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Training Matters: Latest ‘Essential Public Affairs’ sees huge changes

MorrisonFrom Brexit to the NHS, to say that the newly released fifth edition of Essential Public Affairs for Journalists involved the biggest ‘tweaks’ since the book’s inception is an understatement.  The book’s author James Morrison is this week’s guest blogger.

As the last prime minister to orchestrate a referendum on Britain’s membership of the ‘European club’ once famously remarked, a week is certainly “a long time in politics”. But what would the late Harold Wilson have made of the seven-day period commencing 20 June 2016 – when, in the spirit of today’s manic 24/7 political culture, Britain voted out of the European Union; two party leaders (principal ‘loser’ David Cameron and ‘victor’ Nigel Farage) resigned; and Her Majesty’s Opposition collapsed into mutinous fratricide?

In truth, for all the epochal significance of that particular seven-day period, it was just one of several such ‘weeks’ of febrile political drama that punctuated the two years separating editions four and five of Essential Public Affairs for Journalists.

As frustrated NCTJ tutors will have observed, an accident of publishing cycles saw the last edition helpfully land a month before the 2015 general election. This witnessed the demise of the Coalition – a defining fixture of the two preceding volumes – as the Tories edged a slim working majority; the Lib Dems collapsed into single figures; and Labour spectacularly ‘lost’ Scotland to an insurgent, tails-up Scottish National Party.

Then there was the week of Theresa May’s coronation as Cameron’s successor and Angela Eagle’s (ultimately abortive) bid to unseat Jeremy Corbyn. Even as I write, Britons are enduring yet another momentous week: One that began with the Scottish Parliament demanding a second independence vote north of the border and is ending with the opening salvos in what threatens to be years of poker-faced Brexit ‘negotiations’, following the formal triggering of the (now fabled) ‘Article 50’ EU exit clause.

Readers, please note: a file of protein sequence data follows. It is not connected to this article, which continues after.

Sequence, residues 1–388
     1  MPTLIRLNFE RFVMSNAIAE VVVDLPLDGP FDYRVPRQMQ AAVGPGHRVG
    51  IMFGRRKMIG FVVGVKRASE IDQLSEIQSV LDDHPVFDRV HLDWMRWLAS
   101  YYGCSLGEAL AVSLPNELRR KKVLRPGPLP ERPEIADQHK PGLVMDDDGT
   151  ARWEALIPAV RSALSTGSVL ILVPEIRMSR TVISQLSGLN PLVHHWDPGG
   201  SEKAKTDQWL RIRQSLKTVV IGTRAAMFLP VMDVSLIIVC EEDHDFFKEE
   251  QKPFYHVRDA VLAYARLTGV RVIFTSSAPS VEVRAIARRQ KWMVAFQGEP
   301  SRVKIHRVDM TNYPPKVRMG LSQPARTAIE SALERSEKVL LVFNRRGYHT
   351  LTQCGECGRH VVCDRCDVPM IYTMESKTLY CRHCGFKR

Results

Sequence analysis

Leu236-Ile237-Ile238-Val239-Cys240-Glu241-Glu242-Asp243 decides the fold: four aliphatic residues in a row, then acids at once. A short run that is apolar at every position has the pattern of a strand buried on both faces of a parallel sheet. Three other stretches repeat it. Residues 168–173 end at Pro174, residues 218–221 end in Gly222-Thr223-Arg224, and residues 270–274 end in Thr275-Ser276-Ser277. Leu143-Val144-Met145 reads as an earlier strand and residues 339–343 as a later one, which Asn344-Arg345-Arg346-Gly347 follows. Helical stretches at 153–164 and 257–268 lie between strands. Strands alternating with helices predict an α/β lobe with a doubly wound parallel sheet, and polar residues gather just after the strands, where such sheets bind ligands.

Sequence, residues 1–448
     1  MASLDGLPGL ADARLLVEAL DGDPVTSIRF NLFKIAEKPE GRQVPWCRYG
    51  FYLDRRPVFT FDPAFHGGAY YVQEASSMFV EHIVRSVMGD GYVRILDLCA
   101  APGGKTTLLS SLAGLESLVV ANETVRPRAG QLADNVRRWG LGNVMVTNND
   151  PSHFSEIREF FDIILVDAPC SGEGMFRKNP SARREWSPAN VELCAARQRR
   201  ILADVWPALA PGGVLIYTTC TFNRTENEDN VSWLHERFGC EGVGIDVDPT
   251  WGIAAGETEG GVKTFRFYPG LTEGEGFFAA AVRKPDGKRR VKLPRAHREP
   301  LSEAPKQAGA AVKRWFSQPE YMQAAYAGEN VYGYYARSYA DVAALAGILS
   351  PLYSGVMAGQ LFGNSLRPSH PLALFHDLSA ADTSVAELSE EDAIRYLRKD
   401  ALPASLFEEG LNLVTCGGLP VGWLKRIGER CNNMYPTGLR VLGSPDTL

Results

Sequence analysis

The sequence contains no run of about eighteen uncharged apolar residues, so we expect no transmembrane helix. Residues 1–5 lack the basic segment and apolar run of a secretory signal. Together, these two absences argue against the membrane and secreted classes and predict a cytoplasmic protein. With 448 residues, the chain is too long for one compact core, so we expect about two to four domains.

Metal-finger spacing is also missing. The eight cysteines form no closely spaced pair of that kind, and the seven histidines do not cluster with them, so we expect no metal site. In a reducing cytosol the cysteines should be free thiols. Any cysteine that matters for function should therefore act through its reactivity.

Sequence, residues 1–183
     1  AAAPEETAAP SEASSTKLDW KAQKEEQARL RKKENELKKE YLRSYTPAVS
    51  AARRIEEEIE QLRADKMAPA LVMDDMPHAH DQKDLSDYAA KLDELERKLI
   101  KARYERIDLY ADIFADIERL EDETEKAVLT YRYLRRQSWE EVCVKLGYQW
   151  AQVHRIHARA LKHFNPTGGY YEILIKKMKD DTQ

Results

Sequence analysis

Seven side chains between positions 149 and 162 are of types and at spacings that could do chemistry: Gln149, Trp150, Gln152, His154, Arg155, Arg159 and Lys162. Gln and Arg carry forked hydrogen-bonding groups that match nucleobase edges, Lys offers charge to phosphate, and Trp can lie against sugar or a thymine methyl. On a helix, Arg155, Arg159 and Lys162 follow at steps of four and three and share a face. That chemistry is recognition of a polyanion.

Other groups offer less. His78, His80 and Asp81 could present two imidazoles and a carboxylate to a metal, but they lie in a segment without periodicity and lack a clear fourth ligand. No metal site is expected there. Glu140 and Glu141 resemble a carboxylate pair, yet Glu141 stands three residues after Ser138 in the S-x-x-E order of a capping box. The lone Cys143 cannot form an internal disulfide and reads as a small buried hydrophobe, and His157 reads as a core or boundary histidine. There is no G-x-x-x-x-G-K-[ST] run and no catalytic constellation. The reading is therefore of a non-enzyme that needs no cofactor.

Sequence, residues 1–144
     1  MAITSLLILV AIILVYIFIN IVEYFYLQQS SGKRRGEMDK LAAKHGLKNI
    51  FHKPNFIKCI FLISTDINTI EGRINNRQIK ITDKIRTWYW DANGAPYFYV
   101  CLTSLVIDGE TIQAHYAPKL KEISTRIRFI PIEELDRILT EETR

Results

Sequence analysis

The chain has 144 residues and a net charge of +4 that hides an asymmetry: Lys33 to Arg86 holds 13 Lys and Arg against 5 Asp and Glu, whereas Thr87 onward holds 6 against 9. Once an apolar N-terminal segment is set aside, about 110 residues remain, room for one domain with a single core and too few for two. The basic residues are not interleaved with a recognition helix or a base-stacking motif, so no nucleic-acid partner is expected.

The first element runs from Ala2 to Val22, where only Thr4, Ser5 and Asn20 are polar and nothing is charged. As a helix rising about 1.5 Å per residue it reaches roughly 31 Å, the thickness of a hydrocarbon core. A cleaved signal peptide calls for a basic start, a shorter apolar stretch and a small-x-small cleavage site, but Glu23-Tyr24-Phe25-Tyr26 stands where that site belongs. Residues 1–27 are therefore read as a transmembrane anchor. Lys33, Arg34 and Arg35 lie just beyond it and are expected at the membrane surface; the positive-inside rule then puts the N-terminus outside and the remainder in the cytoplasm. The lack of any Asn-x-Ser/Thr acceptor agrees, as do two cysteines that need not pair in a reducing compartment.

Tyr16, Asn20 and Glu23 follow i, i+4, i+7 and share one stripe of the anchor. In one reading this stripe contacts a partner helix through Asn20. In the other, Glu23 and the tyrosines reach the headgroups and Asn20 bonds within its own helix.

What then, amid this ongoing turmoil, can you expect from the 10th anniversary edition of Essential Public Affairs for Journalists? To say that edit 5.0 involved the biggest ‘tweaks’ since the book’s inception is an understatement.

Several chapters, notably those on political parties and the NHS, needed top-to-bottom rewrites, while the text is now peppered with additional and expanded sections on the ever-widening policy and administrative gulfs between our devolved nations and regions.

Then, of course, there was the EU: a trumpeting elephant in the room I ignored until the very last weeks before deadline, to ensure its coverage was as up-to-date as could feasibly be expected in these most turbulent and unpredictable of times. While it was impossible to map out a clear trajectory for ‘Brexit’ (ministers and mandarins struggle, so what hope for a humble textbook author?), the political nerd in me came up with some ‘educated guesses’ – and I’d like to think these will provoke useful class discussions in the months (or years) ahead.

Beyond all this, the only deviation from business as usual was the small matter of engineering another hefty real-terms cut in the book’s length (EPAFJ 4.0, believe it or not, was 20 per cent shorter than edit 3.0!) and aligning it even more closely to the NCTJ’s programme of study. That I managed this – the book ‘lost’ a further 10,000 words and, with them, its stubbornly ‘off-message’ chapter on international relations – makes this fifth edition feel more than usually succinct and (dare I say it) fit for purpose.

  • James Morrison is a reader in journalism at Robert Gordon University, Aberdeen, and a freelance journalist and writer. Previously, he was course leader of the NCTJ-accredited newspaper and magazine journalism programmes at City College Brighton and Hove and has been a senior lecturer at Kingston University. James is a senior examiner in public affairs for the NCTJ and a member of its public affairs board.